I spent a week in the city of Tours in the Loire Valley, and rode a dinky little rental bike around the valley for a couple of days to see some of the châteaux.
Some pictures from the bike rides:
The Chenonceau château, over the Cher river. During WWI, the corridor was used as an infirmary for wounded soldiers. During WWII, the dividing line between French Vichy territory and German occupation cut through the middle of the château. There were German soldiers in the occupied half of the château, but some people actually managed to escape by passing through the southern entrance.
Okay, so, I am a bad person. I was not supposed to take flash photographs of any of the tapestries, and despite the guilt in the pit of my stomach, I waited until the guards passed on to other floors to take the pictures. It was all in the name of art appreciation, I swear!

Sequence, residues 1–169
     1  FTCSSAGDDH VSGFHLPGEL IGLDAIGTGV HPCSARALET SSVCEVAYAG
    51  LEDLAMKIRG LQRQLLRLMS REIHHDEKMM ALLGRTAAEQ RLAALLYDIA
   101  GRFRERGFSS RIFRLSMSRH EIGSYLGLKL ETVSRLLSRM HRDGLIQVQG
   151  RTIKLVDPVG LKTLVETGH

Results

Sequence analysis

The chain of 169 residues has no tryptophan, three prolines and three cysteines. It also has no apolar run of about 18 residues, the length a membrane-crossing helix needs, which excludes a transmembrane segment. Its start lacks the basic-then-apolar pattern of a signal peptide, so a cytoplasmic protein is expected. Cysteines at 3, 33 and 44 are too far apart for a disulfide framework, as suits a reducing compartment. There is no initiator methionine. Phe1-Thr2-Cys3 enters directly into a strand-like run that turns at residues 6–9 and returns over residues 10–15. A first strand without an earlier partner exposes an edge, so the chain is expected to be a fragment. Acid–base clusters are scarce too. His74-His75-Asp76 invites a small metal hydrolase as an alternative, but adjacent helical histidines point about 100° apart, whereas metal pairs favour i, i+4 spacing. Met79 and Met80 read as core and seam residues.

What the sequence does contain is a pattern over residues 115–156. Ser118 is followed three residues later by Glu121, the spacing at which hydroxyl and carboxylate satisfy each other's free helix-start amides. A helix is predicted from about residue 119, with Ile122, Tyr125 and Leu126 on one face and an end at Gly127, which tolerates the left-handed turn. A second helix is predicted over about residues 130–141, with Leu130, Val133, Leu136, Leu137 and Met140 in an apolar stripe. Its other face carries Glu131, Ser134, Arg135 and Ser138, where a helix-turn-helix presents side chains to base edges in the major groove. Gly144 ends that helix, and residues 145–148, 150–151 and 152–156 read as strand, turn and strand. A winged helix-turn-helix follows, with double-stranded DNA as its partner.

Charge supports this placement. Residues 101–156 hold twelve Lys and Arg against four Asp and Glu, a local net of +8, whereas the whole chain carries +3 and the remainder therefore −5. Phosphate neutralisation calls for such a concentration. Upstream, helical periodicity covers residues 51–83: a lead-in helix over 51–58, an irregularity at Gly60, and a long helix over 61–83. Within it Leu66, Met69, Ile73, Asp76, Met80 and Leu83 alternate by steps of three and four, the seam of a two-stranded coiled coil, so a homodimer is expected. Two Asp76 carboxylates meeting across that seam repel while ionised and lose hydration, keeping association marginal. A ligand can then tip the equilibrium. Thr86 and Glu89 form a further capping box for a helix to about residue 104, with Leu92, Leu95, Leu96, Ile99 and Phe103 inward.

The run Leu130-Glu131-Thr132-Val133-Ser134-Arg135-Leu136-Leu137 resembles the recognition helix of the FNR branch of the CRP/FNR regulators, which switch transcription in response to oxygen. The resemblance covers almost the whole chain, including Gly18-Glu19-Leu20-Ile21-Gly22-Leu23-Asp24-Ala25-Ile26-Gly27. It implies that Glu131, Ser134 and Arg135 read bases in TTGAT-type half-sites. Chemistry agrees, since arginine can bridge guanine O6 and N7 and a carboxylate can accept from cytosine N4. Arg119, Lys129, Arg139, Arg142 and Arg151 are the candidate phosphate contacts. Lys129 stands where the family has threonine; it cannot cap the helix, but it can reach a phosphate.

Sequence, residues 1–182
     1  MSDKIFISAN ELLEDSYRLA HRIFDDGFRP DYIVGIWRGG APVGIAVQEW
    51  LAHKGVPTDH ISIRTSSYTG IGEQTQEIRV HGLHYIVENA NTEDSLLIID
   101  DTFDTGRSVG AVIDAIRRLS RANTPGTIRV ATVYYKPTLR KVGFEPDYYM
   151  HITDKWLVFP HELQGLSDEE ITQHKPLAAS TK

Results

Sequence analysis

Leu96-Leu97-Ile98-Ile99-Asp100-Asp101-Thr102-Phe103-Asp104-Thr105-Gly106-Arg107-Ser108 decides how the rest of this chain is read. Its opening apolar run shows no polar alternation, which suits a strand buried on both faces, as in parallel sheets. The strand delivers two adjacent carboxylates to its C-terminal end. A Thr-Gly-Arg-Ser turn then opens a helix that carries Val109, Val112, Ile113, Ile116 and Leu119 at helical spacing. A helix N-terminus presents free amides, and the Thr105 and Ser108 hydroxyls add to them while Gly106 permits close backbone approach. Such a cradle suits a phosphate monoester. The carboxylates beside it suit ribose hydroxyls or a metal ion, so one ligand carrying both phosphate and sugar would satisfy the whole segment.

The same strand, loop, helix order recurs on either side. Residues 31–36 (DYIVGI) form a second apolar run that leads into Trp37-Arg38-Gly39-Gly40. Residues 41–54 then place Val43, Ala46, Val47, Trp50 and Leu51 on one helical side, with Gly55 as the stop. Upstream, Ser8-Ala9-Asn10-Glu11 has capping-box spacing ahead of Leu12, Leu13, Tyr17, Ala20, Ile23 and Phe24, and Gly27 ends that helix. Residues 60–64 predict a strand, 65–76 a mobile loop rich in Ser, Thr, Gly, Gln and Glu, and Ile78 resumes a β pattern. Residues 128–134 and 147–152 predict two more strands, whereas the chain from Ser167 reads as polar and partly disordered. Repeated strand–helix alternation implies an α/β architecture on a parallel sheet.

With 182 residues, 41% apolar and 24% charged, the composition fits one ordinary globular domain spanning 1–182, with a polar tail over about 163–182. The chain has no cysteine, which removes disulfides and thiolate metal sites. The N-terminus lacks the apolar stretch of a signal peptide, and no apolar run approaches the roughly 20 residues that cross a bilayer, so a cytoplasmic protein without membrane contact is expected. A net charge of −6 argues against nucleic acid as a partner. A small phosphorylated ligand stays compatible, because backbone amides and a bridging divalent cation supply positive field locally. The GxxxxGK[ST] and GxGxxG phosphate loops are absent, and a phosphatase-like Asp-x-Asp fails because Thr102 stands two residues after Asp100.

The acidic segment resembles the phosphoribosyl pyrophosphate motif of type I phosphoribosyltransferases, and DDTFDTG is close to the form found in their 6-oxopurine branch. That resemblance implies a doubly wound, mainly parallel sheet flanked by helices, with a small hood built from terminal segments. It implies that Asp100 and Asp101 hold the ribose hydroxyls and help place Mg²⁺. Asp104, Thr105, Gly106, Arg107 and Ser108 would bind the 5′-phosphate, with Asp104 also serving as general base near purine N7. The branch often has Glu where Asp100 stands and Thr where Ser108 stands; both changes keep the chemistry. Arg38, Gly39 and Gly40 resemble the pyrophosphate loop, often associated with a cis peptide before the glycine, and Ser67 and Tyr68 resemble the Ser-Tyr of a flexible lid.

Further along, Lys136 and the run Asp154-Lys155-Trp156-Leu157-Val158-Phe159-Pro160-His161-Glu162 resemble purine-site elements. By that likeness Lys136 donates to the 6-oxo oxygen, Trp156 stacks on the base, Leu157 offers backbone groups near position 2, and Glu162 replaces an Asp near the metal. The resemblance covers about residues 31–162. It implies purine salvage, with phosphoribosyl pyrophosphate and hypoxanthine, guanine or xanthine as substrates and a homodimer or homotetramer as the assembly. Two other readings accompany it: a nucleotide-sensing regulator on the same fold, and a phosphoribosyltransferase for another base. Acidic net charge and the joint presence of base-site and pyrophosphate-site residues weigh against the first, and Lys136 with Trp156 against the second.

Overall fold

These two tapestries are called The Triumph of Charity (left) and The Triumph of Force (right). Maybe I shouldn’t have even bothered taking the pictures, because you have to see tapestries in person to appreciate them. But I still think they make pretty cool graphics, too.
Meanwhile, French politics are in an uproar because in the primary elections, Jean-Marie Le Pen, a member of the extreme right Front National, got the second most number of votes, so the final elections on the 5th will be between the current president, Chirac, and Le Pen. There have been demonstrations all over France against Le Pen.
The Château d’Amboise, just east of Tours along the Loire. This one has some pretty amazing history to go along with it. Some Protestants who were found guilty of conspiracy were hanged from the balcony of the château, which looks out over the town. This is one of the events that led to the Edict of Nantes, I believe.